New at Lake Calavera
On Saturday, Sept. 28th, National Public Lands Day, the city of Carlsbad hosted an event at Lake Calavera. Trails were cleaned up of trash and maintained to prevent erosion; 300 native plants were planted in one of the restoration areas and new signs were dedicated, one of which was produced in part, by Preserve Calavera. See the photo of the new sign below. Note the tracks on the base of the first sign. Soon another will be installed, thanks to the city and Mira Costa College, discussing the geology of the area. Look for it near the base of Mt. Calavera.
Look for the wetlands sign to show up along the creek after the boardwalk is done in a few months. This is the second sign sponsored by Preserve Calavera.
See a recent news story/video about Carlsbad’s Hidden Gem: Lake Calavera from CBS News 8.
On April 2, 2013 the Carlsbad City Council voted unanimously to approve a 656 unit development at Quarry Creek. The only concession made was to preserve a portion of the panhandle known as R5. They ignored the Planning Commission’s recommendation to limit the number of units to 606.
We worked for years toward a compromise that would protect the priceless natural, cultural and historic resources of this valley. The Council received thousands of signatures on petitions asking them to preserve this valley, hundreds of postcards and emails, and heartfelt testimony at numerous public hearings. But instead of listening to these voices, the Carlsbad City Council approved all 656 units the developer asked for- including hundreds on the panhandle. Litigation is always a last resort. Unfortunately, that was the only option left for us to protect this priceless valley and we have done the following:
First, we charged the city violated the Brown Act (open meetings law) by holding a closed session meeting and discussing Quarry creek without the legally-required public noticing and reporting. Look at the video tape of the city council’s March 26th meeting (5hours and 9 minutes into the meeting) and see exactly what the Mayor said that caused our concern. The city has 30 days to respond.
Second, we filed suit (5/12/13) challenging approval of the final Environmental Impact Report (EIR) citing eight causes for action with numerous specific instances under each for procedural errors; included were failure to adequately consider environmental impacts and to provide adequate mitigation or to provide adequate findings to support their conclusions. The City Council placed a low value on the natural, historical and cultural resources of this valley- but to the people of north county they are priceless.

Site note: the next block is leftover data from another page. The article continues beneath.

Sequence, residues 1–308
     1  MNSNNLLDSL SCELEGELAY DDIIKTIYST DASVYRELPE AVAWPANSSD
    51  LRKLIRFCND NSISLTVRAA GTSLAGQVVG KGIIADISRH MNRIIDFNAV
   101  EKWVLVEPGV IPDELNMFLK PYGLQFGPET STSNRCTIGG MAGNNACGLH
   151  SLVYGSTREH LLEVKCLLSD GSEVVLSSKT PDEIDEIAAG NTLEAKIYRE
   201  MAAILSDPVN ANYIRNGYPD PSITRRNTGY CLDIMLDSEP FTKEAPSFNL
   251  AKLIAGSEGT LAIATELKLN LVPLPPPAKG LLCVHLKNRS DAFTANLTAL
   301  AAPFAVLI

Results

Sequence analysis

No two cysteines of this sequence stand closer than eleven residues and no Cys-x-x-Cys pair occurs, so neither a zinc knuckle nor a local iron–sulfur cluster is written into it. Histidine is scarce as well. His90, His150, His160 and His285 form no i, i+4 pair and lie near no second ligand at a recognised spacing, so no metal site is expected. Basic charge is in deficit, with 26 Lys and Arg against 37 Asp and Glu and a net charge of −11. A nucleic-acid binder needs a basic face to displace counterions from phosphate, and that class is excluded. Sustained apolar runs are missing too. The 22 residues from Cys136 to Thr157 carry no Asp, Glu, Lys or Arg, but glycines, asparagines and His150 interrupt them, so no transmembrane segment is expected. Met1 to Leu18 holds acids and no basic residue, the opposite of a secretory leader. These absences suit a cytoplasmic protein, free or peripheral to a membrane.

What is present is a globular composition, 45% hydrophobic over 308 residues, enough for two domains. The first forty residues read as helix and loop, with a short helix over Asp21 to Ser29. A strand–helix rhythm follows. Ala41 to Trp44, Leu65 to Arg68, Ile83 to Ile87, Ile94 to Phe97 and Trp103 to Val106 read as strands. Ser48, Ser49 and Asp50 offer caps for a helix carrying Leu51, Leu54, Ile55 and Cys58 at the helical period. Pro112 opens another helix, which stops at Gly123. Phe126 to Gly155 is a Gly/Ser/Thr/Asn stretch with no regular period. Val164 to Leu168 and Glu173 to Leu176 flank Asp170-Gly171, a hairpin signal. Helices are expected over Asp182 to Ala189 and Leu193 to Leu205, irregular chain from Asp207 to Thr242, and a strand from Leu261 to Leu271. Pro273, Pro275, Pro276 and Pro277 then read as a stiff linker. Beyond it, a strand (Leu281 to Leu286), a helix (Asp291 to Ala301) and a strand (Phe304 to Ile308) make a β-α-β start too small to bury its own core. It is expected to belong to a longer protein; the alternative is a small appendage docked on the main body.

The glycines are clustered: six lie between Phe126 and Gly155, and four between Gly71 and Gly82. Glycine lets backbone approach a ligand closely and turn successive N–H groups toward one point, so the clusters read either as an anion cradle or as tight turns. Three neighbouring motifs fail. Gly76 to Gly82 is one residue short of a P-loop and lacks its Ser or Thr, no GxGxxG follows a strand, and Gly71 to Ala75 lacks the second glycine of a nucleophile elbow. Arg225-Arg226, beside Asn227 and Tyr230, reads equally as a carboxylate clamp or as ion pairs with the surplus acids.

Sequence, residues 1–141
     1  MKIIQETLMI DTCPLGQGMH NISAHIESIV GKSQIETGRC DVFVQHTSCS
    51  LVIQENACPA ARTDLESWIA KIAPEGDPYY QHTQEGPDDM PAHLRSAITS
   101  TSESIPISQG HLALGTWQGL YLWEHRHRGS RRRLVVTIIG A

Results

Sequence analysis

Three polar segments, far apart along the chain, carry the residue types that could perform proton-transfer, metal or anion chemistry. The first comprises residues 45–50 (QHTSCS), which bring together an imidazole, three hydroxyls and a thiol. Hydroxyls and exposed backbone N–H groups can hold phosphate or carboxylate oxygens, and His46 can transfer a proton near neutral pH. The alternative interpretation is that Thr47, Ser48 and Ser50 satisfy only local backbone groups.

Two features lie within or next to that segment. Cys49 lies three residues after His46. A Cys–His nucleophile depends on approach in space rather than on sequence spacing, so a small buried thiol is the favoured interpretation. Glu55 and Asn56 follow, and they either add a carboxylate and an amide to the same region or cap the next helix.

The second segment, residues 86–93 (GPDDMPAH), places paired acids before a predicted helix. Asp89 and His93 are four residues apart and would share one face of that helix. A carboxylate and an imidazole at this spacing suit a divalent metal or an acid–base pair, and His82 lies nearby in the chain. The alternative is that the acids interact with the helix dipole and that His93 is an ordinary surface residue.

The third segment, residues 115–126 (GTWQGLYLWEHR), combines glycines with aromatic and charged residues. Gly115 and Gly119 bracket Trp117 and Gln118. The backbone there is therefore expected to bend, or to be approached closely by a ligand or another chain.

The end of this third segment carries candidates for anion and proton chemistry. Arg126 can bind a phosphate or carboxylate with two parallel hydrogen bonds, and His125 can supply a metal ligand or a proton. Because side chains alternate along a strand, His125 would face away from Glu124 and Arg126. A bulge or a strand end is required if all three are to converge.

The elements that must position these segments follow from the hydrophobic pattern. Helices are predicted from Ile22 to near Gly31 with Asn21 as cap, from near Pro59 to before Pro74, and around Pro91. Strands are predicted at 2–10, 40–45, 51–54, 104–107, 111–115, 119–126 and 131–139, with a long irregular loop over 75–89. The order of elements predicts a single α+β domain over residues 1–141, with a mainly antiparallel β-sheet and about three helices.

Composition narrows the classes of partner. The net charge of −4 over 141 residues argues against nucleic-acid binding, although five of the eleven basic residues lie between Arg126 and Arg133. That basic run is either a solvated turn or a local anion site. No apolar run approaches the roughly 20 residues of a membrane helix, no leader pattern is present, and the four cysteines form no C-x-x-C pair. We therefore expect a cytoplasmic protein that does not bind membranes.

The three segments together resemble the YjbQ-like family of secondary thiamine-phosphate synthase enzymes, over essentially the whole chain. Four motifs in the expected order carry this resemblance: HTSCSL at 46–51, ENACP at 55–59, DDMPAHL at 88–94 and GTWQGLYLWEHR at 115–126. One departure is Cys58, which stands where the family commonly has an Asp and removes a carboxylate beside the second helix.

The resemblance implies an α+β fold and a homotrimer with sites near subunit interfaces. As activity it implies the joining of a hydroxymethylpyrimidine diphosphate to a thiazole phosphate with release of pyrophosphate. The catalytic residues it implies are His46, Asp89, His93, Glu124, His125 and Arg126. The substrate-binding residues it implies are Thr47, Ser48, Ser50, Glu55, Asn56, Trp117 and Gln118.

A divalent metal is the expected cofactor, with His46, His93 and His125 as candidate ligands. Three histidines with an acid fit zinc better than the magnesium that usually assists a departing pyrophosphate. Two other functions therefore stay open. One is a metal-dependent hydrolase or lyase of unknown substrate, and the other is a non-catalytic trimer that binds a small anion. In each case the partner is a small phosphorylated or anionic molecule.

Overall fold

To see recent articles on the progress of the Quarry Creek development check our Media page. Other resources on Quarry Creek are listed below:
- View the program produced by Oceanside’s KOCT on Quarry Creek to get more details on our position and the need to scale back this project.
- Take action by reading what you can do in the Quarry Creek- issue statement.
- As part of our ongoing campaign, you can sign our online petition.
- Final Quarry Creek Environmental Impact Report
SOS for Open Space – Saving the Natural Lands of Carlsbad
Preserve Calavera is leading a coalition of community organizations on a grass roots campaign to save some of the priceless natural lands of Carlsbad. These natural lands are a key part of what makes this such a special place to live. But many of the areas are under immediate threat of development. We need to preserve the best of what we have left- places like the Buena Vista Creek Valley with the sacred El Salto waterfall. Places like Village H that serves as a natural meeting area for the community. Places like Kato/Mandana that provide the critical link in the regional wildlife movement corridor. Places where our children can connect with nature and everyone can enjoy a quiet walk or hear the sound of a creek or the call of a bird. Open space gives us a high quality of life and preserves our property values. It is good for residents, businesses and visitors alike.
In 2002 the residents of Carlsbad passed Measure C- authorizing some of the millions of reserve funds to be allocated for the acquisition of open space and trails. In 2007 a City Council appointed citizen’s committee evaluated and prioritized the remaining lands. Ten years seems like long enough to do what the voters asked them to do- allocate these funds to a restricted account and preserve some of these lands before it is too late. Finally, in June, 2012, the Carlsbad City Council agreed to set aside $5 million for open space. We continue to educate the public and lobby the city council to use this money for natural open space acquisition while it is still available. Share our the new video above with friends and family.